Roster Talent/Recruiting Trends
This area will be one critical aspect of how high Petersen can take this program. Recruiting at Boise State and at Washington are two different challenges. Petersen’s first class at Washington ranked No. 37 nationally in the 247Sports Composite, which was the Huskies’ lowest recruiting haul since a No. 72 finish in 2009. However, Petersen got a late start after taking the job in December and managed to salvage the class after inking 17 three-star prospects.
As of July 30, Washington’s 2015 class ranks No. 63 nationally with only eight commitments.
It’s far too early to make any judgments about Petersen’s ability to recruit. Washington is a top 25 program with plenty of resources, and this coaching staff needs time to build connections. And Petersen’s job on the recruiting trail could get much easier if the Huskies win 10 games in 2014.
However, in order to consistently challenge Oregon and Stanford in the North, Washington needs to consistently bring in top 30 classes. Petersen knows how to develop players, but he has to bring in recruits capable of elevating the program.
Washington has recorded just one season of 10 or more victories since 1992. Could that change in 2014? The Huskies play 13 regular season games and should start 4-0 with non-conference matchups against Hawaii, Eastern Washington, Illinois and Georgia State. The Sept. 27 contest against Stanford is a huge statement game for Petersen and Washington. If the Huskies win, they should be 6-0 heading into a matchup against Oregon on Oct. 18. Also, with home games versus Arizona State and UCLA, Washington has a chance to surprise in the North. Of course, road trips to Washington State and Arizona in November won’t be easy. It’s not unreasonable to think the Huskies can sweep their non-conference and Pac-12 home games, while beating California and Colorado on the road. That leaves road swing contests versus Arizona, Washington State and Oregon.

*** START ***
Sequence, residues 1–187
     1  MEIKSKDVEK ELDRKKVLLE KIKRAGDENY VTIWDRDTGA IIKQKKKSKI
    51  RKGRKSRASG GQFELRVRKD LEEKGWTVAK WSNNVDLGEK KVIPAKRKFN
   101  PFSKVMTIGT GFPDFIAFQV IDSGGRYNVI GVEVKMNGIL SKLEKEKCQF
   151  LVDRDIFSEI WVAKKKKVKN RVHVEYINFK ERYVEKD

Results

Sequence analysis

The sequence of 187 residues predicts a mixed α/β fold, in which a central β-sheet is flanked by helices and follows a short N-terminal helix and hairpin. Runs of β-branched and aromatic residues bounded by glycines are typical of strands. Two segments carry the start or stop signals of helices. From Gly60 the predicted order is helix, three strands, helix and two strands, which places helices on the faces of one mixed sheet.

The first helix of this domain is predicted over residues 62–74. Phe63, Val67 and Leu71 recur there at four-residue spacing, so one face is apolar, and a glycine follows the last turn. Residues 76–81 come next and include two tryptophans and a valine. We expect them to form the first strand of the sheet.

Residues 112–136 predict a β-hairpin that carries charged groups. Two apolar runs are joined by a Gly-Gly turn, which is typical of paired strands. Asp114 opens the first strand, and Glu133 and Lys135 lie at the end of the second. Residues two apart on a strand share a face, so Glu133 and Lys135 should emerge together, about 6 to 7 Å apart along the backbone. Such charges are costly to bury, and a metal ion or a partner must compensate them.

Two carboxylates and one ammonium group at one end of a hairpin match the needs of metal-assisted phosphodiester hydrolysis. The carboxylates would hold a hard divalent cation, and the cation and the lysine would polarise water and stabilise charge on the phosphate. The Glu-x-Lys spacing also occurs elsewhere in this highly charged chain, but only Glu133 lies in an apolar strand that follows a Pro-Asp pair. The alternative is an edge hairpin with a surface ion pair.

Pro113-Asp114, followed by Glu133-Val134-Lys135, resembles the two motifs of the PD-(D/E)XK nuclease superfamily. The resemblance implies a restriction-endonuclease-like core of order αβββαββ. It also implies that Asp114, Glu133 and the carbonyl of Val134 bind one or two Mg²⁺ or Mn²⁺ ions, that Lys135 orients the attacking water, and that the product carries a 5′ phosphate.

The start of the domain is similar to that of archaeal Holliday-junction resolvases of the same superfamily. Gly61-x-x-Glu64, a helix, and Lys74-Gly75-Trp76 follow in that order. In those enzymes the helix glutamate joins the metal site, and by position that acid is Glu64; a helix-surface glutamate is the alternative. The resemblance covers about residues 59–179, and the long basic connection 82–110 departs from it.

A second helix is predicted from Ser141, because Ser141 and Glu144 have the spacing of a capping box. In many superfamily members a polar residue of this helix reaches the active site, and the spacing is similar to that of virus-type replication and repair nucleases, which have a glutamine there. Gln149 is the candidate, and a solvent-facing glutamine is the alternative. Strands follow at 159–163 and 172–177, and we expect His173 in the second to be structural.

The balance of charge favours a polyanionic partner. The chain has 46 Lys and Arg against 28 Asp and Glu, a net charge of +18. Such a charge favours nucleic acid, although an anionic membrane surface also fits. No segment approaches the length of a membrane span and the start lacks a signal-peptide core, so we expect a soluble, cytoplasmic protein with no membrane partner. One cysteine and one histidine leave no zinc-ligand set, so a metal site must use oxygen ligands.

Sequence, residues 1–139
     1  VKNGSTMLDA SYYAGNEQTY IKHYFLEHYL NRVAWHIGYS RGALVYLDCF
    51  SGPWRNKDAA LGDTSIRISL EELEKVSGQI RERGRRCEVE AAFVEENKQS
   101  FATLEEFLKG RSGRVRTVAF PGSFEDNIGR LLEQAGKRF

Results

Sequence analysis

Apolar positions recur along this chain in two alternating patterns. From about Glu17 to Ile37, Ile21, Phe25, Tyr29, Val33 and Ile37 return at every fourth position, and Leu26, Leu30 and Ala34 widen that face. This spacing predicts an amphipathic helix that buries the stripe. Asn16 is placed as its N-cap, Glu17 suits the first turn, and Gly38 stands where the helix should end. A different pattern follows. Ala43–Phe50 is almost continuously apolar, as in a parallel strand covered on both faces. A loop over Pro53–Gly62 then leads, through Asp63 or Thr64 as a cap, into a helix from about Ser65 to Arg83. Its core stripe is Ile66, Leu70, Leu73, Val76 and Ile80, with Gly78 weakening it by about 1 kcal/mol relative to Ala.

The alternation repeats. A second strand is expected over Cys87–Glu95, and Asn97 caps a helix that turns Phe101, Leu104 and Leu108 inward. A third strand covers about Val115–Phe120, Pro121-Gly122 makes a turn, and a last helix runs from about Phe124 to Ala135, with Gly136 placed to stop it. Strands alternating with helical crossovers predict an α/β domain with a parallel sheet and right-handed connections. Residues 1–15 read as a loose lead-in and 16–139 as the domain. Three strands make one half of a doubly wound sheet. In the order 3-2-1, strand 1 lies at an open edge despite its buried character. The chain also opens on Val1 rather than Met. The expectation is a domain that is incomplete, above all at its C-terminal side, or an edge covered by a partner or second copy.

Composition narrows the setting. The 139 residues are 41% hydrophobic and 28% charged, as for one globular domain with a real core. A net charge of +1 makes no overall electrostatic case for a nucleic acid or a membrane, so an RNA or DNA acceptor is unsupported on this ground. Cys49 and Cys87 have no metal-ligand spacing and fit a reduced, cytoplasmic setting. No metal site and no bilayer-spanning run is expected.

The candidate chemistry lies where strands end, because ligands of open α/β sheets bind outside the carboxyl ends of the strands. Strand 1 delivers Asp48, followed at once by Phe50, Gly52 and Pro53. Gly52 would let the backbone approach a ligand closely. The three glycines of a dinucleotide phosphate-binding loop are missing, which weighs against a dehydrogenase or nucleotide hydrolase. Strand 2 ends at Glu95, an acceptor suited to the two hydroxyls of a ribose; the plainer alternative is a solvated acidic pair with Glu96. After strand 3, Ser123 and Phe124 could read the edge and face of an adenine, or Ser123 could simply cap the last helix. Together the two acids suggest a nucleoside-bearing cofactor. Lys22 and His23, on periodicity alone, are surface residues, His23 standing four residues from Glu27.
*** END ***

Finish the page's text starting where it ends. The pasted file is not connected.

Washington is a program with potential. Sarkisian did a nice job of getting the Huskies relevant in the Pac-12 once again, but the school hopes Petersen is the right coach to take the program even higher.
Petersen was highly successful at Boise State, but transitioning from a job in the Mountain West to the Pac-12 will require an adjustment period. And even with Petersen’s strong track record of player development and X’s and O’s ability, recruiting at a higher level is a must in Seattle.
While Petersen’s run with the Broncos was impressive, can he do what former Boise State coaches Dirk Koetter and Dan Hawkins couldn’t in the Pac-12? Koetter and Hawkins both struggled to find success at a higher level away from the blue turf.
The pieces are in place for Washington to push for nine or 10 victories this year. The Huskies should go 4-0 in non-conference play and Stanford visiting Seattle in late September is a huge chance to earn a marquee Pac-12 win.
The Huskies have 14 returning starters, including one of the best offensive and defensive lines in the Pac-12. The question marks are few, but fairly significant. The secondary must be rebuilt, and quarterback Cyler Miles has to settle into the starting role.
Sarkisian is leaving plenty of talent behind, and it’s up to Petersen to capitalize on what’s coming back in 2014 and '15. With Oregon and Stanford both expected to lose plenty of key players after 2014, the door is open for the Huskies to make their move in the division over the next two seasons.
Vegas Expectations: 9 over/under (CG Technology)
Athlon 2014 Magazine Projection: 9-4 (5-4)